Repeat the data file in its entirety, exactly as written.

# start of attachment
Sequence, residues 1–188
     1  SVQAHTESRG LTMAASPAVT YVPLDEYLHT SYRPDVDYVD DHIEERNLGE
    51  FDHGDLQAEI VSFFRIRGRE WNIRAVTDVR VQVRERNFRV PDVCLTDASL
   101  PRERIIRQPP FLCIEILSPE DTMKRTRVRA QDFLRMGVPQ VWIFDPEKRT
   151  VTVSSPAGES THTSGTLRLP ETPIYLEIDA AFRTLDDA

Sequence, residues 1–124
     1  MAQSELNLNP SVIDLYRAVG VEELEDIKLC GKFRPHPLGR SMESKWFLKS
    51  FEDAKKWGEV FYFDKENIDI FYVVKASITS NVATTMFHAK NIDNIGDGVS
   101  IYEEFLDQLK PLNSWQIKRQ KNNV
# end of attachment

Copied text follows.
Sequence, residues 1–188
     1  SVQAHTESRG LTMAASPAVT YVPLDEYLHT SYRPDVDYVD DHIEERNLGE
    51  FDHGDLQAEI VSFFRIRGRE WNIRAVTDVR VQVRERNFRV PDVCLTDASL
   101  PRERIIRQPP FLCIEILSPE DTMKRTRVRA QDFLRMGVPQ VWIFDPEKRT
   151  VTVSSPAGES THTSGTLRLP ETPIYLEIDA AFRTLDDA

Sequence, residues 1–124
     1  MAQSELNLNP SVIDLYRAVG VEELEDIKLC GKFRPHPLGR SMESKWFLKS
    51  FEDAKKWGEV FYFDKENIDI FYVVKASITS NVATTMFHAK NIDNIGDGVS
   101  IYEEFLDQLK PLNSWQIKRQ KNNV